News / Middle East

    Libyan Rebels Push West from Misrata

    German Foreign Minister Guido Westerwelle (L) shakes hands with Libyan rebel National Transitional Council vice chairman and official spokesman Abdel Hafiz Ghoga after a news conference in Benghazi, Libya, June 13, 2011
    German Foreign Minister Guido Westerwelle (L) shakes hands with Libyan rebel National Transitional Council vice chairman and official spokesman Abdel Hafiz Ghoga after a news conference in Benghazi, Libya, June 13, 2011

    Libyan rebels have advanced from the western port of Misrata towards the capital, Tripoli, breaking a government siege as fighters across the country renew their revolt against leader Moammar Gadhafi.

    Several rebel units Monday pushed the front lines west from Misrata to the outskirts of Zlitan, a neighboring town held by Mr. Gadhafi's forces.

    The two sides traded heavy rocket and artillery fire, with rebels using arms seized from government weapons depots and fresh armaments shipped from the opposition stronghold of Benghazi.

    However in eastern Libya, anti-government fighters suffered a major setback Monday near the oil town of Brega, where pro-Gadhafi troops killed at least 21 rebels in an ambush east of the city.

    Meanwhile, Germany has recognized Libya's rebel Transitional National Council as the "legitimate representative of the Libyan people." Foreign Minister Guido Westerwelle made the announcement Monday during a visit to Benghazi. He said Germany, which has not participated in the NATO air campaign against Libya, will open a small mission in Benghazi.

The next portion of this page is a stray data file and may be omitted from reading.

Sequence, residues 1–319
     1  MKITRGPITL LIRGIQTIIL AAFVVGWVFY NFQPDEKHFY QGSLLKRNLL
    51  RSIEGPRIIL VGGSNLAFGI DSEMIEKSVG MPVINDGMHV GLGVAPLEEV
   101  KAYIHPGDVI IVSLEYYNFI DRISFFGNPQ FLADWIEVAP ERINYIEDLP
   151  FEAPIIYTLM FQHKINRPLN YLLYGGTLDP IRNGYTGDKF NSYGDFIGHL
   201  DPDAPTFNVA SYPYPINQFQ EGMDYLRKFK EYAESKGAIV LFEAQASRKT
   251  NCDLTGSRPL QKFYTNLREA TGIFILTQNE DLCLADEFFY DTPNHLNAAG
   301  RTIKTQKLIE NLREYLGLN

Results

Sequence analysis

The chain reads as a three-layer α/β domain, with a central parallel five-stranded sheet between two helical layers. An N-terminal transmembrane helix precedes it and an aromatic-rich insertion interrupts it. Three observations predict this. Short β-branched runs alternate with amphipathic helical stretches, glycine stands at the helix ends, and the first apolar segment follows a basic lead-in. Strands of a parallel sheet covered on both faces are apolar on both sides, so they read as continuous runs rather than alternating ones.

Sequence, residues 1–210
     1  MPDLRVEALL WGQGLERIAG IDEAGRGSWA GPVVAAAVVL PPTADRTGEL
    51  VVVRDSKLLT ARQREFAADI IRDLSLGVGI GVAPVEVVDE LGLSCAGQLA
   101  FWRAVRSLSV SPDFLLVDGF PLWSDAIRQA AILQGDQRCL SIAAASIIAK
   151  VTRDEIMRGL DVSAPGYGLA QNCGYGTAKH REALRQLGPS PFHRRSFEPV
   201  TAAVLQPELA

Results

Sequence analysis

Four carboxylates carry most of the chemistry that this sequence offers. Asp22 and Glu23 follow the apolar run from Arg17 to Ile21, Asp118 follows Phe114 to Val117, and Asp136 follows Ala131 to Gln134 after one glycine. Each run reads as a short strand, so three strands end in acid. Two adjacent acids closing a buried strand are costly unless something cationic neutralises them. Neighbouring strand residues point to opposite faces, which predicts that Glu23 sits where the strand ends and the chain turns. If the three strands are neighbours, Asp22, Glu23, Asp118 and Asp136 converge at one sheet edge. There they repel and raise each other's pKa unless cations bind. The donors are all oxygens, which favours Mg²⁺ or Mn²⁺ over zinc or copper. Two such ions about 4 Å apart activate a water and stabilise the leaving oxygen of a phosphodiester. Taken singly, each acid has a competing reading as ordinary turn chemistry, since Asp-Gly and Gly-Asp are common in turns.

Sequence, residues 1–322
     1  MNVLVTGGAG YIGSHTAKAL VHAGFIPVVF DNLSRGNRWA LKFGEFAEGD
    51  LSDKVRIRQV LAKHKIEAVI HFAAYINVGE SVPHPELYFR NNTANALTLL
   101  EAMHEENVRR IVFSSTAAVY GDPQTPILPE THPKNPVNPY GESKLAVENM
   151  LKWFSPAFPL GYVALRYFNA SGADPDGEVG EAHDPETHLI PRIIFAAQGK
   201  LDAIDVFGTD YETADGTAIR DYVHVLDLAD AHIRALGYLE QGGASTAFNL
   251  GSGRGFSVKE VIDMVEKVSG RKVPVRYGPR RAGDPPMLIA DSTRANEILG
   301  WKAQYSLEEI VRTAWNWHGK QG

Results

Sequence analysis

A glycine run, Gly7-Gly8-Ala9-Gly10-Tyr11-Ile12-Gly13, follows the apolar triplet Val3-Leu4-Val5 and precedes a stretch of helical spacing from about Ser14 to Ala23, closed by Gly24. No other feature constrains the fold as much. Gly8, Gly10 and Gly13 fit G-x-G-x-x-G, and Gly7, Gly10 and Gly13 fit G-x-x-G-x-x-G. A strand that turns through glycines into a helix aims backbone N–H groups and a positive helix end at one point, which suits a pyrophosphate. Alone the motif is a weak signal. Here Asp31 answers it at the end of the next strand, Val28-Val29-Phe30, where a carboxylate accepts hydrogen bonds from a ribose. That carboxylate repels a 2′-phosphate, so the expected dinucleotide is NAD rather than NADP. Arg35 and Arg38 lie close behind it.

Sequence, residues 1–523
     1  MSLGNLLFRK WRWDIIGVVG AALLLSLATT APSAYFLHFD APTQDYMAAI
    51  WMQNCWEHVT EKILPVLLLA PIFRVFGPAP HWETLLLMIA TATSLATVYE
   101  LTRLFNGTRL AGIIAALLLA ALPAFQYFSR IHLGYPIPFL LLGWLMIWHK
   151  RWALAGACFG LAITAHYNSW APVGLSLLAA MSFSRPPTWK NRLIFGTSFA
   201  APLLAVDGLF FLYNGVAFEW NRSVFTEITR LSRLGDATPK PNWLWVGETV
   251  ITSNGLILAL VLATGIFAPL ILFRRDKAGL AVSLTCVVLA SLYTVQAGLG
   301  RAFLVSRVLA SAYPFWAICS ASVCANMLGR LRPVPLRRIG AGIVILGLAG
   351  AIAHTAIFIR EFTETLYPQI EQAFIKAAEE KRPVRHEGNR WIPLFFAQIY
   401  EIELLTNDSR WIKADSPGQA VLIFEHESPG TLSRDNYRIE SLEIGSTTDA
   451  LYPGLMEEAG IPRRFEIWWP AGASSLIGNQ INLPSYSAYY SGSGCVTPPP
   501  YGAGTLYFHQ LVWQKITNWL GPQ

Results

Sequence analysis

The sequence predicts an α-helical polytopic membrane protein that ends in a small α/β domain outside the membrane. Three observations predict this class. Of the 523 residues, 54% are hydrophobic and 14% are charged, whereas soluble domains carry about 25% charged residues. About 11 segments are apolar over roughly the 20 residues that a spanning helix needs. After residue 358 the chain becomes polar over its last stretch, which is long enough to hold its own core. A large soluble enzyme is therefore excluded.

Germany joins several other nations in recognizing the opposition council. They include France, Italy, Qatar and the United Arab Emirates. The Obama administration is supporting the rebel cause but has stopped short of recognition.

    Also Monday, two key U.S. senators unveiled a bill that would allow the United States to confiscate up to $10 billion in frozen Libyan government assets and use it for humanitarian aid in the war-torn country.

    Banking Committee Chairman Tim Johnson, a Democrat, and the top Republican on the panel, Senator Richard Shelby, said their measure would help ease dire shortages of food and basic medical equipment.

    Libyan rebel forces are attempting to take advantage of increased coordination with NATO to mount a series of attacks.

    In Zawiyah, a strategic city 50 kilometers west of the capital, Libyan rebels have regrouped and clashed with pro-Gadhafi forces, weeks after troops had forced the rebels' retreat.

    A London-based opposition spokesman said Sunday that several hundred rebel fighters controlled large areas of western Zawiyah as well as a section of the coastal highway. A government official denied the report.

    Loyalist forces killed at least five people when mortar shells and Grad rockets hit Zintan, part of the rebel-held Western Mountains region.


    Some information for this report was provided by AP, AFP and Reuters.

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